Cultivating a Sense of Hospitality
In case the headlines have you in a funk about the current state of civility in the world, rest assured that being hospitable is not an entirely dead concept, not even in the fractured United States. Years ago I fell in love with the southeastern part of the country in large part due to the […]
Trying To Put My Finger On A Region
I just spent four weeks in New York’s Finger Lakes region, right on Cayuga Lake next to Cornell University where my wife Ami was taking summer classes. On July 4th, we sat at a table at Good Life Farms overlooking a variegated expanse of small farms with clusters of trees, corn, vines, flowers, and feed […]
What do I know
Albert Einstein famously said, “the more I learn, the more I realize I don’t know.” Of course, Einstein knew more about certain areas of science than anyone during his lifetime, but grasping new scientific concepts only revealed more fields for him to explore and doors for him to open. This process is what drove Einstein, […]
You Look Organic
In 1996 when Nick and I bought an old sheep ranch and apple farm on the Sonoma Coast, we wore our hair in pony tails. Perhaps premature baldness was dictating our hairstyle decisions, (we joked that we should take an aerial photo of our balding heads and label the wine TwoPeay.) Could be our decision […]
The Myth of the Estate?
Giacomo Conterno. Domaine de la Romanée-Conti. Domaine Jean-Louis Chave. Other than high price tags, Old World roots, and legions of fans, what do these wineries have in common? All three are estate wineries. Recently a wine writer wrote a book on California Wine with a chapter provocatively titled, “The Myth of the Estate”. The chapter […]
Yes, But Be Delicious
At a recent wine seminar, a writer/critic proclaimed that “wine must be more than delicious.” The call to arms filled my chest and I felt the power of his gestalt. Then I paused. Sure, a wine can be intellectually intriguing and the experience more profound based on outside information like where it was made or […]
The Estate Pinot noirs: What’s in a name?
When Nick and I planted the first 30 acres of vines, we were pioneers in this region of the Sonoma Coast. As such we were tinkerers, uncertain what clones would best express our site and how much of each would be ideal in a wine. We now farm 13 clonal selections of Pinot noir strewn […]
Peay Estate Chardonnay: A Retrospective Tasting
Every August we invite our local sommeliers and wine directors to the vineyard for an event we call Peay Vineyards “Sommelier Love Fest.” Around 40-50 people drive all the way out to the coast for a special tasting followed by a seated dinner we prepare for them on the lawn. Everyone brings a few bottles of wine to share with the meal and we burn a bonfire and share stories deep into the night. It is our opportunity to serve and provide for our customers as they work the rest of the year representing us in their restaurants and shops.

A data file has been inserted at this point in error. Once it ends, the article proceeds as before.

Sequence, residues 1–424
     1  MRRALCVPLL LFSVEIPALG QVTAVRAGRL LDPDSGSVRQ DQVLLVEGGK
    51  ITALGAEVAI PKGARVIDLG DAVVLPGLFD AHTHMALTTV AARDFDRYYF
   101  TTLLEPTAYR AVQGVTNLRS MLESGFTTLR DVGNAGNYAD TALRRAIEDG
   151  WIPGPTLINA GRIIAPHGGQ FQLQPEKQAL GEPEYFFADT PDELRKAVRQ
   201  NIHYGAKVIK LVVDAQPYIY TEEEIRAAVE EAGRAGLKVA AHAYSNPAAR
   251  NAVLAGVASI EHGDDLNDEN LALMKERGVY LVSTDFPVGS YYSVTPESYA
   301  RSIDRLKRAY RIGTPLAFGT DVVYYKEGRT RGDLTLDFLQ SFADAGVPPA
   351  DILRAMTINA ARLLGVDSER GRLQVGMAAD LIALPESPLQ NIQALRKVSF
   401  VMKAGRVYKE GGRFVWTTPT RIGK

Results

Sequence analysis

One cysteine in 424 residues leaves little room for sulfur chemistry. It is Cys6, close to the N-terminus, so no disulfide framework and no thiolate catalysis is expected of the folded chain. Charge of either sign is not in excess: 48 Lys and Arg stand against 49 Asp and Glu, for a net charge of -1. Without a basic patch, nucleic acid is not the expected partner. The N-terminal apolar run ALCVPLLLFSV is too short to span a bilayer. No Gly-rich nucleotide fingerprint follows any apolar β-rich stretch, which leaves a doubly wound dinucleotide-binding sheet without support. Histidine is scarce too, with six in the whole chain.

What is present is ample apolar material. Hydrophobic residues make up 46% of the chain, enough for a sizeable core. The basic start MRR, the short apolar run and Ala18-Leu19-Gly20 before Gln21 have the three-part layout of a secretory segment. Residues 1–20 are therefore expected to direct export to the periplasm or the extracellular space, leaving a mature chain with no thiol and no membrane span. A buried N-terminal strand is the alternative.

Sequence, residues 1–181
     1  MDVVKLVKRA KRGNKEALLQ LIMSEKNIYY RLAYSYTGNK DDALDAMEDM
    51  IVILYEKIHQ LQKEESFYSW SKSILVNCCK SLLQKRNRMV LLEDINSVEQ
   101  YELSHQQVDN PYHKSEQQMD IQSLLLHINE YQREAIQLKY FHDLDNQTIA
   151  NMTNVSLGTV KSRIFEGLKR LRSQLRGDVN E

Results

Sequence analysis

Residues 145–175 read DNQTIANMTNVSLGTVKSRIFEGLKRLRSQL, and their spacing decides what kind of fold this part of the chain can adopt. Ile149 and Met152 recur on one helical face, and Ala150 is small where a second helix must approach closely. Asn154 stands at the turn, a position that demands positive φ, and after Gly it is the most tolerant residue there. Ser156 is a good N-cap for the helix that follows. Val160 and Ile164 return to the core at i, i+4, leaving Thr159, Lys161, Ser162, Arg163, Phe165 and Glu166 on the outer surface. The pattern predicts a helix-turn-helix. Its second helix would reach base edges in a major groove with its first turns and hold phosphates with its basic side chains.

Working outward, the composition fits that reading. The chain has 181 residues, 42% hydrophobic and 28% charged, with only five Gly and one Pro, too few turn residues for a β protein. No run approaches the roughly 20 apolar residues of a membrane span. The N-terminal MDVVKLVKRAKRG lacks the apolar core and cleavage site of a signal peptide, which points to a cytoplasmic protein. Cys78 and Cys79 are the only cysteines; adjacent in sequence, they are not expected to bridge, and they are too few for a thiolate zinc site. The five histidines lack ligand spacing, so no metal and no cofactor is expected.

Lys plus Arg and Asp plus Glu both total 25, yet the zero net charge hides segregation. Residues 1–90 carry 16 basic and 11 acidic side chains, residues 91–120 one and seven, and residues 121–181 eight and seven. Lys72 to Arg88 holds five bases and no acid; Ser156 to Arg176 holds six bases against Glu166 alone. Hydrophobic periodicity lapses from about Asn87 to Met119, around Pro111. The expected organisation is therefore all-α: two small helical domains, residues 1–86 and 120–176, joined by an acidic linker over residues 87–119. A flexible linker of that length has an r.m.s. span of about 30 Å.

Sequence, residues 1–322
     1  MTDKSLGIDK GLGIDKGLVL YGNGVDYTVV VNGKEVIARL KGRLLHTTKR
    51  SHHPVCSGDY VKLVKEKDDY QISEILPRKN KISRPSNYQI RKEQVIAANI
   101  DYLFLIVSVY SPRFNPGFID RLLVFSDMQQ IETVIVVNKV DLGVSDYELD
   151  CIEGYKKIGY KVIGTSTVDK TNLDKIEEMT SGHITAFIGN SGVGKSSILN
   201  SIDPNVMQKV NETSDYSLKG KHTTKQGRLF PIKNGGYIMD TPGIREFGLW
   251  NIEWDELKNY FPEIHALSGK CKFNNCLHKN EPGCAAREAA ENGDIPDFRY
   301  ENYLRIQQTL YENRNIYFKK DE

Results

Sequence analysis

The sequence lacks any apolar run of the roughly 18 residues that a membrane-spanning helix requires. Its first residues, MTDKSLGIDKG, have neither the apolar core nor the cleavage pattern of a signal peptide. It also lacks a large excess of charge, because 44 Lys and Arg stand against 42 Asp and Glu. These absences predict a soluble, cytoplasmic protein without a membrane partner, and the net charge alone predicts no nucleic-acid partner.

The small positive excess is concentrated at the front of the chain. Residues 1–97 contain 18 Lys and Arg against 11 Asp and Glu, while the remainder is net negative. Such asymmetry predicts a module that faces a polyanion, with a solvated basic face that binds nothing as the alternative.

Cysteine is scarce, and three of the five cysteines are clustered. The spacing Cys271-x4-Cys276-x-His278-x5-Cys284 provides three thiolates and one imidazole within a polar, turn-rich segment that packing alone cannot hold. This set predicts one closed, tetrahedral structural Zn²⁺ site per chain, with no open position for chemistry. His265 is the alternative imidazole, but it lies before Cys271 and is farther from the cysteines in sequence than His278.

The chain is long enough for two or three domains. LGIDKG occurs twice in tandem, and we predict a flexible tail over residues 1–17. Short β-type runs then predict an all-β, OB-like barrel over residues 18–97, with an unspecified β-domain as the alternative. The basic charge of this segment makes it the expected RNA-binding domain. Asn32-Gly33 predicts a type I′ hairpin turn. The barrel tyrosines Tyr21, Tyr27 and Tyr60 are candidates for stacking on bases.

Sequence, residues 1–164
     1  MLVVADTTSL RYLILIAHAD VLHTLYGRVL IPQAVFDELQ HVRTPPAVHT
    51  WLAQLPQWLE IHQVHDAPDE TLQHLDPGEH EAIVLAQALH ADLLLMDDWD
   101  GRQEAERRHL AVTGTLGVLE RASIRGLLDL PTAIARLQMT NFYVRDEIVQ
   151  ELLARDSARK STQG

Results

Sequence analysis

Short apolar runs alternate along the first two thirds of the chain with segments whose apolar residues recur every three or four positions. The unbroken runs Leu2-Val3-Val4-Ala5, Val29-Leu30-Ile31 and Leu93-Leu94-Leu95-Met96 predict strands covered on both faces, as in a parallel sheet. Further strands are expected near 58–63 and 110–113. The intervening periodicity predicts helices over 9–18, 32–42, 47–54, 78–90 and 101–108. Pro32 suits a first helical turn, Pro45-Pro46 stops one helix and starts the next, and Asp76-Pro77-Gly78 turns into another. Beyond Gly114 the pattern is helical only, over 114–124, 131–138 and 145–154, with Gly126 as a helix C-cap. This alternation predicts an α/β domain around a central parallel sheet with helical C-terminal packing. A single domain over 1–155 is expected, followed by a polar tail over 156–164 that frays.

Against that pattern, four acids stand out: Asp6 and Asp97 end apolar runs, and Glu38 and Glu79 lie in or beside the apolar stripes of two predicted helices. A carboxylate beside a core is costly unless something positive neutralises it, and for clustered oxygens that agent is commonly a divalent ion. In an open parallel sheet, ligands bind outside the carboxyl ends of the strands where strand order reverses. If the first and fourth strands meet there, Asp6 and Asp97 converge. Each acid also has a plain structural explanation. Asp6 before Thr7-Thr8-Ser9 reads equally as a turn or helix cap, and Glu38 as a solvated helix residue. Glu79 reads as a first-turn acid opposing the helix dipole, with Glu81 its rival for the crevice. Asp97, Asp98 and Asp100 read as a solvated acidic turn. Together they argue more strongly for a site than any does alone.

In Pursuit of Balance?
It has become quite vogue to say you make wines of balance. I admit, I’ve said it myself. Peay is even a founding member of a group of wineries who promote balance in wines and cross the country (soon, the globe) spreading the word about balance in California Pinot noir and Chardonnay. But does anyone think they make wines of imbalance?
People often ask me which of our Peay wines is my favorite. I usually find a way to say something positive about them all; for, it is true, I have liked all of our varieties best at one time or another. In the end, it really comes down to the vintage’s expression in a wine and my particular stylistic preference. I do so love the ‘04, ‘06 and ‘11 Chardonnays for their laser precision and minerality. And the ‘05, ‘07, ‘09 and ‘11 Syrahs capture the peppery, meaty, blood quality that thrills me. But I can say with no hesitation, that the 2012 Pinot noirs are my favorite Pinot noirs we have made, hands down.
Earning Your Stripes: the 2011 Vintage
When Nick and I decided to make estate wines, we agreed that we should only consider the viticultural potential of a site and not the impact the location would have on our personal lives. One site we considered would have had us living in a moldy trailer in horse country (we do not ride). Fortunately, we felt it was not ideal for the style of Pinot noir we wanted to make (the area was too warm. Phew). This focus led two bachelors—brothers to boot—to take up house on a remote hilltop 40 minutes from the nearest grocery store and an hour and a half from the closest “town.”
Discovering a Sense of a Place
At the risk of diverting attention from the release for a moment, I want to share a recent experience. In late July I attended the International Pinot Noir Conference (IPNC) in McMinnville, Oregon.
2010: Superb, Pure & Expressive wines. All 3 cases made!
I am a farmer. Other than during harvest when I spend 40 days straight in my Carhartt workpants, this would not be abundantly obvious by just looking at me.